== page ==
Sidi Bou Said

A couple of the teachers living on my compound in Riyadh had worked in Tunisia before coming to Saudi Arabia to earn better money. They helped me pick locations that I should visit while I was in and around Tunis. One of them was Sidi Bou Said. It's an artsy area north east of Tunis along the Mediterranean Sea cliffs. It looks a lot like Oia, Santorini for those familiar with the Greek Isle. Normally, this location is filled with tourists. I think I came to Tunisia at the right time -- the middle of October. While still hot, it has cooled down significantly from the highs during the summer peak and most of the tourists have gone home. I've really had free run of the city and sites. Local laws mandate that these buildings cannot be painted in colors other than the whitewash and blue doors and trim. Makes for nice visual effect.

So, after traipsing up the hill to the end of the main street in Sidi Bou Said, I discover the popular cafe that is featured on many YouTube videos. It's charming and its terraces climb down the cliff for a bit.

I was parched from a long day in Carthage and now this climb. I finally flagged down a waiter to take my order. He didn't approach my table, but wanted me to yell out across two terraces of tables what I wanted. I yelled that I wanted a Celtia (a locally brewed beer, and not too bad!). He looked puzzled and disgusted at the same time. My driver heard him mumble some damned thing and he politely translated what the waiter had said. Something to the effect that I obviously was an uncultured heathen foreigner who didn't understand the local culture. Yeah, so what. Where was the beer? Well, the cafe didn't serve beer, only juice and water. More Islamic crap. I'd have to wait to get back to the hotel to get a serving or three of Celtia. I ordered juice and looked for the exit once I guzzled it down.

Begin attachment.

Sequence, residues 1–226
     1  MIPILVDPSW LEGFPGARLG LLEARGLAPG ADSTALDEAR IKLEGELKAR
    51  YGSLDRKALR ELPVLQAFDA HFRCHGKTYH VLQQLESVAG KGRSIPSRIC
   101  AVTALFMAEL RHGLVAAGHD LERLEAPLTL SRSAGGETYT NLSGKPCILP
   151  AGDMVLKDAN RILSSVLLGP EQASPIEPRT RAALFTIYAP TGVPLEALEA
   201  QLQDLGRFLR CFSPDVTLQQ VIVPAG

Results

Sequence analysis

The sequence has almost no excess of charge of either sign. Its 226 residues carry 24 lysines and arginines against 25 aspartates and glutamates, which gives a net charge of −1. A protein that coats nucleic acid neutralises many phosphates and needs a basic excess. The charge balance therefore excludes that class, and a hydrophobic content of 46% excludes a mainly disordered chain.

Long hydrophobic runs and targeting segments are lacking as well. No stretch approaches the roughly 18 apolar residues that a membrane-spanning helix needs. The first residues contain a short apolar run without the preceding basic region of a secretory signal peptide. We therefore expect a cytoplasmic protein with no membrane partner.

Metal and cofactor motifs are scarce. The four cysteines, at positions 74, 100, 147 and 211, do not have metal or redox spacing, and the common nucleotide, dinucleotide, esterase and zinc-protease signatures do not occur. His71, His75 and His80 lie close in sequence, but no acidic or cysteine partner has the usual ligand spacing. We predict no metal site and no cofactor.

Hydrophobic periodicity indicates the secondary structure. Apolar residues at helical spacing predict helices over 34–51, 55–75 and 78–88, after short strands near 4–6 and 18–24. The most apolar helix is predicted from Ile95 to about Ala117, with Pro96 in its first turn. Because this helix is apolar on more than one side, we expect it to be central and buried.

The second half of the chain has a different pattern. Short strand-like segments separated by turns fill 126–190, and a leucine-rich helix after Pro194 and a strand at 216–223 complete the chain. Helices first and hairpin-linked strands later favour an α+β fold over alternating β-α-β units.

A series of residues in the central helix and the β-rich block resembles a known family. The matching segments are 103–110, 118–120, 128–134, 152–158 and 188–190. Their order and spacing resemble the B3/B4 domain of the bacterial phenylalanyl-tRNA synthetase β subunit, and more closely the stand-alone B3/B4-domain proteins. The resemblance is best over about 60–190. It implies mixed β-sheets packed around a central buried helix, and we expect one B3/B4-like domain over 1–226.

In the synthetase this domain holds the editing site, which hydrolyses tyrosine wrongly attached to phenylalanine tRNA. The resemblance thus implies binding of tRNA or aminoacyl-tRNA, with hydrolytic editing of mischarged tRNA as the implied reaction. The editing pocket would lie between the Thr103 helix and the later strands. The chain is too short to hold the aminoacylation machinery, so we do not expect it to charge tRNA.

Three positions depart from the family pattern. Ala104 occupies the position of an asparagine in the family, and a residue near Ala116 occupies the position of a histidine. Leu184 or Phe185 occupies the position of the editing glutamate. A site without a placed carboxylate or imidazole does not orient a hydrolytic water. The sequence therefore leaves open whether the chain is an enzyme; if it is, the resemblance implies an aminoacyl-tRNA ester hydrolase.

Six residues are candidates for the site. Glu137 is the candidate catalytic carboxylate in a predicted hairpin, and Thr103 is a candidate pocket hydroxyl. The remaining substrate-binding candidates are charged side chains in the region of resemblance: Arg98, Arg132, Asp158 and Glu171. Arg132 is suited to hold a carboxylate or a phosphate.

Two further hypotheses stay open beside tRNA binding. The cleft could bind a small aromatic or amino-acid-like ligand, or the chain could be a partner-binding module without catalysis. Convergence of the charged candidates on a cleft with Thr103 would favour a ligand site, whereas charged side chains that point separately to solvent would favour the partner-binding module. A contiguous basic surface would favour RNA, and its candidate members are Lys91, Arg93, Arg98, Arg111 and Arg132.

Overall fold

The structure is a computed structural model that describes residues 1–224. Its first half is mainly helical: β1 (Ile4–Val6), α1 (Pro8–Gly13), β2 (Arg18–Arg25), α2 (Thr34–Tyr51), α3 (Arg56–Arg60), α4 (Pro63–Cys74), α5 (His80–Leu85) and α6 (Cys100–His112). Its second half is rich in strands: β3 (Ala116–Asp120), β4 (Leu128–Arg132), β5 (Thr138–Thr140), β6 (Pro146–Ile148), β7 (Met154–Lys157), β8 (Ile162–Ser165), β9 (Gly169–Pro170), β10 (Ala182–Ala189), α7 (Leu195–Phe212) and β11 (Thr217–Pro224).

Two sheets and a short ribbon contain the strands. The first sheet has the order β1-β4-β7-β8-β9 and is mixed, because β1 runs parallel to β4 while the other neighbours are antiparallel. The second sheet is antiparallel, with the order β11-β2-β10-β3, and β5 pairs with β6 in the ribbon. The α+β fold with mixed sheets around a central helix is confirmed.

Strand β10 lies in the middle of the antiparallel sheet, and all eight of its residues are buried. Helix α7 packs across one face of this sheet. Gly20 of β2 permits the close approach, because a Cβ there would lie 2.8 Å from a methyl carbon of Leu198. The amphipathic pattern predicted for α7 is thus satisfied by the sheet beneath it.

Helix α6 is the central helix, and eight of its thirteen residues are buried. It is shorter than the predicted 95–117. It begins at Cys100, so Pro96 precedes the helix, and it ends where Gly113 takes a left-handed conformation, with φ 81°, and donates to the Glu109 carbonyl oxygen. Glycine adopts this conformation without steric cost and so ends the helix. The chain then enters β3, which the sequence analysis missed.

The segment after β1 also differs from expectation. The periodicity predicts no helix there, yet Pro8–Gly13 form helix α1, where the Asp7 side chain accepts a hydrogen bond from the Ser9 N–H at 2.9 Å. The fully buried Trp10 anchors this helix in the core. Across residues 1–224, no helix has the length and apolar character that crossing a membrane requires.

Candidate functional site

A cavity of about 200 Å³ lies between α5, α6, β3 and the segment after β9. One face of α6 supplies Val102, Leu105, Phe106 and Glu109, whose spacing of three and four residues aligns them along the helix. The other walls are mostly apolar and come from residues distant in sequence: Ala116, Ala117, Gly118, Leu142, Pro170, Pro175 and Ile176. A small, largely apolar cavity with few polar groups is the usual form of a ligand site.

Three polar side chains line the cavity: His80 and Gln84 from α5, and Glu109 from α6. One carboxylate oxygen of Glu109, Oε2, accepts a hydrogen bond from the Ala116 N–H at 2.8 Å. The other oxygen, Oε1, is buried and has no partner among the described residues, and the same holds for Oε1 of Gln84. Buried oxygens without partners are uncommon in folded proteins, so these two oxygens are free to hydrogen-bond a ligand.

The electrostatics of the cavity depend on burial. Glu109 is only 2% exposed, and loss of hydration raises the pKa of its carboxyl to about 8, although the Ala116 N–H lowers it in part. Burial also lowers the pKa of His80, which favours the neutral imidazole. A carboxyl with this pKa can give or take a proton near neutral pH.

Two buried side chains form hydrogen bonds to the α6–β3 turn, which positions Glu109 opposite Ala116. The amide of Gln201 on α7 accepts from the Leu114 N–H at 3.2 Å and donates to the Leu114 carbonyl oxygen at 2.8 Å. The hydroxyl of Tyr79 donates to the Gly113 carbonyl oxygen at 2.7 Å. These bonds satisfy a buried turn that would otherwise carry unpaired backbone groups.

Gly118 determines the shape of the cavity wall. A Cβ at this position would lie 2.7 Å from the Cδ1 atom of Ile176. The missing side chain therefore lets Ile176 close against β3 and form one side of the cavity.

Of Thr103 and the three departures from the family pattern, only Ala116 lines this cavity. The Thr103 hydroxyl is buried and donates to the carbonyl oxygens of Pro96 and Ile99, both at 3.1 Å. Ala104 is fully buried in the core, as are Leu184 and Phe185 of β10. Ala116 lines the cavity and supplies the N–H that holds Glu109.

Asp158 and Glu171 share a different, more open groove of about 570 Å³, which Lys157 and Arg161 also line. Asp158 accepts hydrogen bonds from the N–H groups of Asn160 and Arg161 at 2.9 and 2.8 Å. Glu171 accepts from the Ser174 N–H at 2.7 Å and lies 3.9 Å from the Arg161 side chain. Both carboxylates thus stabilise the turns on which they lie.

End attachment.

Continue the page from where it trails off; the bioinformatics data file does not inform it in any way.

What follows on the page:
The juice was...outstanding! I had ordered a mix of who knows what, but after stirring it up for a bit, it tasted delicious and refreshed me. Not like three beers would have, mind you. I paid up and left. Won't be back.

A Walk in the Woods

On Day 3 in Ethiopia, I had arranged a day trip out of Addis. I headed south of the capital at 0530 hours with two guides and drove a little more than 100 kilometers before we arrived at our destination. On well groomed highways we could have made the trip in one hour. Our trip instead took three hours. We left early to avoid the notoriously overcrowded, single four-lane road headed south to Djibouti. After one and a half hours south, we left the pavement and proceeded to drive over bone jarring, country roads that had previously been washed out in the rains.

It was great to see Ethiopian countryside and the local animal life. My guides excitedly pointed out a herd of camels. A camel was the last thing I wanted to see.

On the country road leading to the mountain climb.

After an hour and a half of rough, off-road driving, we arrived at a small village at the base of Mount Zuquala. I'm not sure if the mountain is itself sacred, but this is a place of pilgrimage once a year where thousands climb up the trail and pray at the three monasteries that are spaced along the trail.   

 We arrive at the small village at the base of the mountain.

We arrive at the small village at the base of the mountain.

We parked our car and spoke to the villagers. A young kid from the village joined our little band of ill-prepared hikers. I thought we were going to drive up the mountain. After arriving, I'm told, no, we're going to hike for three hours up to the monastery. I knew then this little foray into the wilderness was going to end badly for me, but, like a dumb-ass tourist, I trudged up the hill in my street shoes and the only pair of trousers I brought on the trip. Did I mention that we also had no water or power snacks?